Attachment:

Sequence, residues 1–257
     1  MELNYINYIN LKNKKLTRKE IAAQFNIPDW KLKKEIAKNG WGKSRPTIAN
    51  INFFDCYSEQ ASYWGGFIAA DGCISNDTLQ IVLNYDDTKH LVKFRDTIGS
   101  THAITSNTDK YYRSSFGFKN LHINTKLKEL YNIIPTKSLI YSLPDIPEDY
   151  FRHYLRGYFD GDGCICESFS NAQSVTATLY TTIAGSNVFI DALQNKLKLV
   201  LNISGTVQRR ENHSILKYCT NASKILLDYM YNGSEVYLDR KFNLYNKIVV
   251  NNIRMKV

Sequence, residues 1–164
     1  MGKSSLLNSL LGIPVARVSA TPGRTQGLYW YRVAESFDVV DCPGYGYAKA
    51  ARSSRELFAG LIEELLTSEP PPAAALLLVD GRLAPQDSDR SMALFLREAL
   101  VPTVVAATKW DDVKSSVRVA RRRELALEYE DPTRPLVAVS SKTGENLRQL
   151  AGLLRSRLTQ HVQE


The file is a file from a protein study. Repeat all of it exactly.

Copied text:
Sequence, residues 1–257
     1  MELNYINYIN LKNKKLTRKE IAAQFNIPDW KLKKEIAKNG WGKSRPTIAN
    51  INFFDCYSEQ ASYWGGFIAA DGCISNDTLQ IVLNYDDTKH LVKFRDTIGS
   101  THAITSNTDK YYRSSFGFKN LHINTKLKEL YNIIPTKSLI YSLPDIPEDY
   151  FRHYLRGYFD GDGCICESFS NAQSVTATLY TTIAGSNVFI DALQNKLKLV
   201  LNISGTVQRR ENHSILKYCT NASKILLDYM YNGSEVYLDR KFNLYNKIVV
   251  NNIRMKV

Sequence, residues 1–164
     1  MGKSSLLNSL LGIPVARVSA TPGRTQGLYW YRVAESFDVV DCPGYGYAKA
    51  ARSSRELFAG LIEELLTSEP PPAAALLLVD GRLAPQDSDR SMALFLREAL
   101  VPTVVAATKW DDVKSSVRVA RRRELALEYE DPTRPLVAVS SKTGENLRQL
   151  AGLLRSRLTQ HVQE